This extreme experience made the new job lots of fun for O’Malley. Still, he faced a number of obstacles in the beginning.
After 14 years in the regulation-heavy banking industry, the jetpack business felt like the Wild West. He was in the unnatural position of having to invent many of the processes and structures.
O’Malley and his staff also needed to figure out how to make riders feel comfortable doing something foreign and potentially dangerous. They created an extensive training video to show guests and opted to give riders helmets with earpieces that allow them to hear their instructors.
This week, the President visited Burma for the second time in his presidency, attended the G20 Summit in Australia, worked to expand access to broadband and 21st century technology in our schools, and addressed the nation about the steps he is taking to fix our broken immigration system. That’s November 14th to November 20th or, “Mingalarbar!”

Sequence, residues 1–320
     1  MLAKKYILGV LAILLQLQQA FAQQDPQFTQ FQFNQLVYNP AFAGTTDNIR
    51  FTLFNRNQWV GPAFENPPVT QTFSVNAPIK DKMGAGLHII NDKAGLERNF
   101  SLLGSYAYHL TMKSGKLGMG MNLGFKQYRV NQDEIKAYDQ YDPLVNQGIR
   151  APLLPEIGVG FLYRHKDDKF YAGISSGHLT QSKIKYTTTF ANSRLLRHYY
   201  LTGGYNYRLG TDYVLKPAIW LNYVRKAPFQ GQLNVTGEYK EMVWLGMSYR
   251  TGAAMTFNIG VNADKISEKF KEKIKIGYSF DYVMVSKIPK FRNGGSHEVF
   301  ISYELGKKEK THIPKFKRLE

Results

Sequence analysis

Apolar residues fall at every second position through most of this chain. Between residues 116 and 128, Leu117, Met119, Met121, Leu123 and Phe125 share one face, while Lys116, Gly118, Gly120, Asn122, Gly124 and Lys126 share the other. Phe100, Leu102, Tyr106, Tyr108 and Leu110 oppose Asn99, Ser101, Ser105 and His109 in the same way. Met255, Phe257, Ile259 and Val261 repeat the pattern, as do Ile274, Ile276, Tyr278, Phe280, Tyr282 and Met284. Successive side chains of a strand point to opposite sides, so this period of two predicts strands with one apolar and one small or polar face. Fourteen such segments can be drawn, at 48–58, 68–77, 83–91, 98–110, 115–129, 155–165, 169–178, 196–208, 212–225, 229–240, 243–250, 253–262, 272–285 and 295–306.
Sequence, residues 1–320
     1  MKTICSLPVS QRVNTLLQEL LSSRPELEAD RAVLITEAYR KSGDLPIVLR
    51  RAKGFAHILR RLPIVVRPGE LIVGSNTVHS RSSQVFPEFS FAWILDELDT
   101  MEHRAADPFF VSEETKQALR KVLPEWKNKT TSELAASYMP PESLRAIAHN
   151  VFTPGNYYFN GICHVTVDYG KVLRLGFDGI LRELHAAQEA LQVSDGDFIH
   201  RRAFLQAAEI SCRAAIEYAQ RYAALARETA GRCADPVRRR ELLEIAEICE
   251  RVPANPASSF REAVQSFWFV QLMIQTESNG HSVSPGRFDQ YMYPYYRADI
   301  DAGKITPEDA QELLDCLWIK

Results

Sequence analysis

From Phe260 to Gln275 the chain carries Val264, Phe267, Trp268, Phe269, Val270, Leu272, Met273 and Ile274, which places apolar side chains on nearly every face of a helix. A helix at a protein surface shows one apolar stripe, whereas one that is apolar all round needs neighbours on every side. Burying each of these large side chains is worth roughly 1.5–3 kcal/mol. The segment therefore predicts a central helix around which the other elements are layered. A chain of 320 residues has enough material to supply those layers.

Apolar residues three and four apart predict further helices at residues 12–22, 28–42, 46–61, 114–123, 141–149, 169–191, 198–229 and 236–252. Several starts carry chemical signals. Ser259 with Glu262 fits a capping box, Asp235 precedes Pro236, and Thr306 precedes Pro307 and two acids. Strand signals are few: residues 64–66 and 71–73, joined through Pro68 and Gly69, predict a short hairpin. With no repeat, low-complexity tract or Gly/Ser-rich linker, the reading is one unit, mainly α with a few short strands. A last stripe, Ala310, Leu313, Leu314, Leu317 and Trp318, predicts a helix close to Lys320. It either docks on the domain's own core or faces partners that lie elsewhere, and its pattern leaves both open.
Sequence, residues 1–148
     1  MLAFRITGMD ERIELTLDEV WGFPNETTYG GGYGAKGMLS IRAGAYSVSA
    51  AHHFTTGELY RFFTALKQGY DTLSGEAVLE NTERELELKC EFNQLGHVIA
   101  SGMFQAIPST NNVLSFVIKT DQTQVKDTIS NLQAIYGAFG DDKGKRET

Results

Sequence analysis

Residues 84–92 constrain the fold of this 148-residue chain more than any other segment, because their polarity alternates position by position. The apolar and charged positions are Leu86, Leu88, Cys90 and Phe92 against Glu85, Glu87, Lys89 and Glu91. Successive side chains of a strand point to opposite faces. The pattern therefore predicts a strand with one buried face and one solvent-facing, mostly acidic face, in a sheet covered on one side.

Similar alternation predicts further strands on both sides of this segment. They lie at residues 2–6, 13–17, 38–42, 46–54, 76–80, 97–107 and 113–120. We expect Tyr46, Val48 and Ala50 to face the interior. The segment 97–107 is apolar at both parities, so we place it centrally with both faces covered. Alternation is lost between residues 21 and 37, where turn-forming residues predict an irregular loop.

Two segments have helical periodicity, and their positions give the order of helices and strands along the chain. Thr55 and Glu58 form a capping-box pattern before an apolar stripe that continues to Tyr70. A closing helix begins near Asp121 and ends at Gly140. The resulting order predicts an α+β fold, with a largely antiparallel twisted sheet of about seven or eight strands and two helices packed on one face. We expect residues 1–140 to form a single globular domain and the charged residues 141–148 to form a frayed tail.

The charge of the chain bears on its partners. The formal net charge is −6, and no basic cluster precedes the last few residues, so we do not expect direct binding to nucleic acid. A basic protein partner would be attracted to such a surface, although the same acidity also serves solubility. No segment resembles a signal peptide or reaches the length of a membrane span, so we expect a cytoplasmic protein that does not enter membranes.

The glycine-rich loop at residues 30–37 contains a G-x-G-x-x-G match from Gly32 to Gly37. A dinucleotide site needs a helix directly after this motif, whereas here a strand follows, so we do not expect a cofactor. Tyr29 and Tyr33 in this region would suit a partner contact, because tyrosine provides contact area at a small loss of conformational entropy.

Friday, November 14th
The President landed in Rangoon, Burma, and visited the site where General Aung San, a leader of the Burmese independence movement, was killed in 1947.
Next, it was time to kick off the G20 Summit. Australian Prime Minister Tony Abbott welcomed the President and other world leaders to the summit, and then the leaders participated in a series of meetings to discuss economic cooperation on issues like development, energy and trade.
Last night, President Obama addressed the nation and laid out the steps he’ll be taking — within his executive authority as President — to start fixing America’s broken immigration system:
Building on our progress at the border with additional resources for our law enforcement personnel.
Making it easier and faster for high-skilled immigrants, graduates, and entrepreneurs to stay and contribute to our economy, as many business leaders have proposed.
Dealing responsibly with the millions of undocumented immigrants who already live in our country.
“I continue to believe that the best way to solve this problem is by working together to pass that kind of common-sense law,” the President said. He noted, however, that House Republicans continue to block a bipartisan immigration bill that the Senate passed a year and a half ago.
“To those Members of Congress who question my authority to make our immigration system work better, or question the wisdom of me acting where Congress has failed,” he said, “I have one answer: Pass a bill.”